The Project extends the list of situations where the employee’s request for remote work should be accepted unless it is not possible due to the organisation of work or the type of work performed by a specific employee. In such a case, the employer should within 7 days inform the employee of the grounds for any negative decision. The project preserves the above entitlement for parents of children up to the age of 4.

  • Reimbursement of the cost connected with remote work

As a rule, the employer is obliged to provide the employee with all materials and tools necessary to undertake remote work. If these materials and devices are not provided by the employer, the parties of the employment contract may establish the rules for using such materials and tools which belong to the employee, in which case the employee is entitled to a cash equivalent (or lump sum fee) for the amount agreed with the employer. The employer is also obliged to cover all costs directly connected with the remote work, including in particular the cost of electricity and necessary access to telecommunication lines, and to provide the employee with training and technical support.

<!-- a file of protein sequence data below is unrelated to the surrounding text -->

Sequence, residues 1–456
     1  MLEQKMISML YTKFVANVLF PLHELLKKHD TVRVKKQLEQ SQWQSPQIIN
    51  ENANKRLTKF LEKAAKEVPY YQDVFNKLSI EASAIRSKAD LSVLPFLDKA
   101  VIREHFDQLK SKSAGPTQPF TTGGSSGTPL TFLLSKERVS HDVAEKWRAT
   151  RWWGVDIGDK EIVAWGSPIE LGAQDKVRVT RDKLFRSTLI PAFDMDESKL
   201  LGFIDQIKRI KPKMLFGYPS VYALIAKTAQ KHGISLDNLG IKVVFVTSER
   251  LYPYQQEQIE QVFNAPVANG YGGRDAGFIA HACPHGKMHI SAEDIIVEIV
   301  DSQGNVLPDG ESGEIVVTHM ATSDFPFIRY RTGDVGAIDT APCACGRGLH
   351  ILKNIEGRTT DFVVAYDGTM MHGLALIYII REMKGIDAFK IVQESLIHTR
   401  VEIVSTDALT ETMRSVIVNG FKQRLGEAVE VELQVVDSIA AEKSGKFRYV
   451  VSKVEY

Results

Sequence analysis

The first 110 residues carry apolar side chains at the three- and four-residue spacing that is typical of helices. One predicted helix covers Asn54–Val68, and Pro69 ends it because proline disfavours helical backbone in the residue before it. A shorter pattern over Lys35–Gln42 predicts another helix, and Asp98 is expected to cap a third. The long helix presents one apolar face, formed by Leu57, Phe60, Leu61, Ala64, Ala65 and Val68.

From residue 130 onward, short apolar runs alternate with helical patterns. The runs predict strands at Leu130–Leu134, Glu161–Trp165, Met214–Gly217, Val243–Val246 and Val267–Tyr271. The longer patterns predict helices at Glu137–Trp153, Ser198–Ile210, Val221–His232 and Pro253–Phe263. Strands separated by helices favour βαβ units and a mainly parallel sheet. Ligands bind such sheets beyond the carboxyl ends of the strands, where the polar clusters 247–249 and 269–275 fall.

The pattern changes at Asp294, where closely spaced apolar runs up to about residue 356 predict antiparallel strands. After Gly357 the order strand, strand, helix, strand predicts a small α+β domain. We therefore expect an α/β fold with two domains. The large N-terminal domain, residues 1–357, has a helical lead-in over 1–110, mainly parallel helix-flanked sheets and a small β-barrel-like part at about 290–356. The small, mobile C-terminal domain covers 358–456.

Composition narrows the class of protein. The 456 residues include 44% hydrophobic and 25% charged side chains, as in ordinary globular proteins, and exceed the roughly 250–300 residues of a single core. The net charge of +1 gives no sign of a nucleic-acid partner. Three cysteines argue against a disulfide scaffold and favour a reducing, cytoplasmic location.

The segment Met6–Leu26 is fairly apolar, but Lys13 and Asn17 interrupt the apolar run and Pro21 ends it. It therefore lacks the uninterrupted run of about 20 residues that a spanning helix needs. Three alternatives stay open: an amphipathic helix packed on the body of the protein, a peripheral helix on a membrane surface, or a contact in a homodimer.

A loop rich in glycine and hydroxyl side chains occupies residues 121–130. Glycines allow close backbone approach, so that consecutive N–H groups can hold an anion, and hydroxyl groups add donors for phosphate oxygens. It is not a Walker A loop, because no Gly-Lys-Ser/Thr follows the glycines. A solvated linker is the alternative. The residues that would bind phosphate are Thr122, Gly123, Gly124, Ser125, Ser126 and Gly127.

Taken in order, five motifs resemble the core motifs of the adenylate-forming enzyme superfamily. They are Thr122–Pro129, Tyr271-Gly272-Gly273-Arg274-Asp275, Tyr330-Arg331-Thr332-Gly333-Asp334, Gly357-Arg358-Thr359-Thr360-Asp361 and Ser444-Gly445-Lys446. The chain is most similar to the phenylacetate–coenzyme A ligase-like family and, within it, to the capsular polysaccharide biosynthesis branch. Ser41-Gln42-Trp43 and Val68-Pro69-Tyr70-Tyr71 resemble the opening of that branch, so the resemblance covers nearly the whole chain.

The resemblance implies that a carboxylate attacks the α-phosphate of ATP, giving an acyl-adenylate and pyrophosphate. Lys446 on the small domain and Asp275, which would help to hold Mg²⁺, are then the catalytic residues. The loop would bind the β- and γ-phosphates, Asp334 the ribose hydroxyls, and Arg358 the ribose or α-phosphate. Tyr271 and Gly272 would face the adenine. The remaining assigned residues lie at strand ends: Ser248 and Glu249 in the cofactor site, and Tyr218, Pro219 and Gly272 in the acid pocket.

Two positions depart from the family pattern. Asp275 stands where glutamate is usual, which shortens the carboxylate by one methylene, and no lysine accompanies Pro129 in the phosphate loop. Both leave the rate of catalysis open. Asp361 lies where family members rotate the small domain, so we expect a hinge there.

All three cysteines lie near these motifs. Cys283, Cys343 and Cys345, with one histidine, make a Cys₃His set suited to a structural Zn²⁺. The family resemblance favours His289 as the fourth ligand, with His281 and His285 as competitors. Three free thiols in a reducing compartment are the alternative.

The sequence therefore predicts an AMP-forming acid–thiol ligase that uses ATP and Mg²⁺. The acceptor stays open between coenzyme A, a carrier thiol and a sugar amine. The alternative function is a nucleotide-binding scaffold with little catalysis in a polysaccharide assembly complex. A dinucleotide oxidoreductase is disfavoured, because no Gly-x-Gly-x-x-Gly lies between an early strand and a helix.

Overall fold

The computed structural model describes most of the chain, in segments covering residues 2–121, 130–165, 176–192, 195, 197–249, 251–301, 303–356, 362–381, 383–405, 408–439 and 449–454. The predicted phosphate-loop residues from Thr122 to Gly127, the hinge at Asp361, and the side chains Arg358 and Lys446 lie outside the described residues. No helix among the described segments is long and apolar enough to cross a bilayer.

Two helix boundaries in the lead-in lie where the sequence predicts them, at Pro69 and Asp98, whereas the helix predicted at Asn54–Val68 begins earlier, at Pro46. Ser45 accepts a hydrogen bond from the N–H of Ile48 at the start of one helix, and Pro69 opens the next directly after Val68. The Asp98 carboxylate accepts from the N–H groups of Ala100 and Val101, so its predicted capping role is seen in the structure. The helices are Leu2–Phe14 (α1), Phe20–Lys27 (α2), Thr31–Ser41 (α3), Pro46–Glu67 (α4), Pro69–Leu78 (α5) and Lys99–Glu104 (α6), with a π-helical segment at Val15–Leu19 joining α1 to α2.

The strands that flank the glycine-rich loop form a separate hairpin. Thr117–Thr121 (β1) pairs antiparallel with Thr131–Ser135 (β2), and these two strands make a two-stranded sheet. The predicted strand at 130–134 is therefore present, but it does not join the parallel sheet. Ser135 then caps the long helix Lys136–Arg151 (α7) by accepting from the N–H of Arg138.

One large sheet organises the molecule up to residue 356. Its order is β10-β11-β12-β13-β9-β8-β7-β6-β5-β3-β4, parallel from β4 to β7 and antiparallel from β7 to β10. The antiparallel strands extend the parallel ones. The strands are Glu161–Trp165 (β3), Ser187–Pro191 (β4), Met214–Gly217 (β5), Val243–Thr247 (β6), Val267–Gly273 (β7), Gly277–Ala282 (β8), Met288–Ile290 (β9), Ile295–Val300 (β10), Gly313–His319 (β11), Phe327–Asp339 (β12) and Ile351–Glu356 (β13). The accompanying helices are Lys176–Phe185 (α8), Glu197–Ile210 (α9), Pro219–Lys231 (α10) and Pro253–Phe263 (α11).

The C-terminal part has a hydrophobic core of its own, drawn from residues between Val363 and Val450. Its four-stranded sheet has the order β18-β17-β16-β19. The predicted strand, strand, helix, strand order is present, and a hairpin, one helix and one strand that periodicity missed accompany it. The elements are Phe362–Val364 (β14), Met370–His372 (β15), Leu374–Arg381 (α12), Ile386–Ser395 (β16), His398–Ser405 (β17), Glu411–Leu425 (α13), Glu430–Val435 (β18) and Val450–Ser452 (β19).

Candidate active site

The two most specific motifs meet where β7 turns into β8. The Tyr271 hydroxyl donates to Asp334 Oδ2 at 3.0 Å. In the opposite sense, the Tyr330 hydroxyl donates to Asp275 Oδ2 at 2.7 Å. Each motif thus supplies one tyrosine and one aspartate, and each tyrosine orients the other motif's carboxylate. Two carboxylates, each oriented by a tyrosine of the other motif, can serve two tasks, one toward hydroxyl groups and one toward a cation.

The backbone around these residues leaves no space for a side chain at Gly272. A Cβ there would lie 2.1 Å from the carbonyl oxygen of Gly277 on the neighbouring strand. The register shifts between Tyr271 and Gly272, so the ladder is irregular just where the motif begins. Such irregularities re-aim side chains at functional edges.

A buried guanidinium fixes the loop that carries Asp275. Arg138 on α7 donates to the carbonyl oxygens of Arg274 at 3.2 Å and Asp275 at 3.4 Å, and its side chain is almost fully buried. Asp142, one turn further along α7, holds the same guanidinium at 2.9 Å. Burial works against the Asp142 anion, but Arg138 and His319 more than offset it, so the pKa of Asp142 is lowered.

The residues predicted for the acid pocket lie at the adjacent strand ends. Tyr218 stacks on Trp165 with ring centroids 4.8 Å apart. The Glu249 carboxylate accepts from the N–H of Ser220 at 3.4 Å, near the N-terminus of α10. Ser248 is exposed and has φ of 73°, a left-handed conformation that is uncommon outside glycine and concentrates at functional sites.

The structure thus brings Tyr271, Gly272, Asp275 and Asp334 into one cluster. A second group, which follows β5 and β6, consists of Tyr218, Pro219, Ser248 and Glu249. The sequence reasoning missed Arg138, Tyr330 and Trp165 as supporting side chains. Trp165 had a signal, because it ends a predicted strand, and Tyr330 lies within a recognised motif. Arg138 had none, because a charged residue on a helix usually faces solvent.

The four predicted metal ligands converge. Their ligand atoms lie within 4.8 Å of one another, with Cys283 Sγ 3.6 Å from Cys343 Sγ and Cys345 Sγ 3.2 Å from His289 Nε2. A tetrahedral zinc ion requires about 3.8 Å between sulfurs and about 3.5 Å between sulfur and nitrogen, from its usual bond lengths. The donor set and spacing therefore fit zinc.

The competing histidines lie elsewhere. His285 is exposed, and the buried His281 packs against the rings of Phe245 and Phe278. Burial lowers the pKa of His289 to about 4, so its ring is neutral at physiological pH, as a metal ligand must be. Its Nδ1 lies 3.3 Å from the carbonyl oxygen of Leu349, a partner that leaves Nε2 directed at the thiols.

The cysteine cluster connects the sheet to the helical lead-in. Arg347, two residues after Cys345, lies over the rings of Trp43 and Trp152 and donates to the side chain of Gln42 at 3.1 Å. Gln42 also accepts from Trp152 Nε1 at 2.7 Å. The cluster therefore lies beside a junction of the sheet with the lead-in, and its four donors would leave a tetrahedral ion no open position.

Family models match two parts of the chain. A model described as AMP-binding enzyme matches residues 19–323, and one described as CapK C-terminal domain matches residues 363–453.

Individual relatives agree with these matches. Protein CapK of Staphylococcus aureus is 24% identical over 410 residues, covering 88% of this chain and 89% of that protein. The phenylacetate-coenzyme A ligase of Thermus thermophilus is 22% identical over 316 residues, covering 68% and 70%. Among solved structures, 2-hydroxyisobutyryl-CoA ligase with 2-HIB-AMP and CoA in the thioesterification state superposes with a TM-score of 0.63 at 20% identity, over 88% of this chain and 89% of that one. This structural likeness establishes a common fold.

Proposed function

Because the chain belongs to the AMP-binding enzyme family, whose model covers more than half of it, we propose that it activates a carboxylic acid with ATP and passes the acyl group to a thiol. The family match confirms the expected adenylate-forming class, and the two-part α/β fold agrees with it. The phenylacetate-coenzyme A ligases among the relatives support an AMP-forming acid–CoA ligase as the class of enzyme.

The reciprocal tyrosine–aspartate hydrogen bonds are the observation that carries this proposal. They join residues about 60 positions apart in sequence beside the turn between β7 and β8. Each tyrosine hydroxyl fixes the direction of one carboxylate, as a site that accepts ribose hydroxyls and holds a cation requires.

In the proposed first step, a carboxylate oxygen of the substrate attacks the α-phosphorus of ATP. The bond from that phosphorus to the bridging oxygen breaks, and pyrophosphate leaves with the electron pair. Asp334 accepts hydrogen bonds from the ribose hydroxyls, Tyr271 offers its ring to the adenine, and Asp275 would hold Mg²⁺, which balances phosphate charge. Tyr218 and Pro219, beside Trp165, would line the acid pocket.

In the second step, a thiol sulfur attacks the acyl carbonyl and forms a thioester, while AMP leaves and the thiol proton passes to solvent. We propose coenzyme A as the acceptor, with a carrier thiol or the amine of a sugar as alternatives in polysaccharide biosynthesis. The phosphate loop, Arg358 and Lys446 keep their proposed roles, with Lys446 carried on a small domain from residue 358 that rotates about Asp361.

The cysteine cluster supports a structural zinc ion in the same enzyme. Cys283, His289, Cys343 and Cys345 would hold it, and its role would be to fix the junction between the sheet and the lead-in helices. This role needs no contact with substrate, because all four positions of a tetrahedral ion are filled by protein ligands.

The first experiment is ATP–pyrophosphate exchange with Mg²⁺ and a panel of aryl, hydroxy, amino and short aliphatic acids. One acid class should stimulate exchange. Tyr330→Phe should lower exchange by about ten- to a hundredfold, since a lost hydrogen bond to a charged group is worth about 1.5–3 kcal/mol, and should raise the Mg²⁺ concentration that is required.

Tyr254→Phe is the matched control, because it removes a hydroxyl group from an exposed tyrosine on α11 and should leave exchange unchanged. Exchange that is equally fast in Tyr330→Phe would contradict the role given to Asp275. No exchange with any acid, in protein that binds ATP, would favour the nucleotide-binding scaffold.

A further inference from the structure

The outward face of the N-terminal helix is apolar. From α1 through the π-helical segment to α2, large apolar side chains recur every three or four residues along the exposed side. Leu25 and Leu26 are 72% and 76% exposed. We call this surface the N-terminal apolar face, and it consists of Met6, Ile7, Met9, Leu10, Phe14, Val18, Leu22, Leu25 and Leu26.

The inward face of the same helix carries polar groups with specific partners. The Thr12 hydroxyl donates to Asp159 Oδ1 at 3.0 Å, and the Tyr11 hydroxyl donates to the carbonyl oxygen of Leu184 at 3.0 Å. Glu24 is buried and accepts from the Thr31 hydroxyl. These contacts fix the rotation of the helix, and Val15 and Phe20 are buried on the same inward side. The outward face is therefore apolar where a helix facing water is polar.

Employers have traditionally feared losing direct control over employees and the work performed by them, and for these reasons remote work was not commonplace before Covid-19. However, such an introduction may not have a negative impact on the organisation of work by the employer once internal regulations govern precise procedures for working remotely.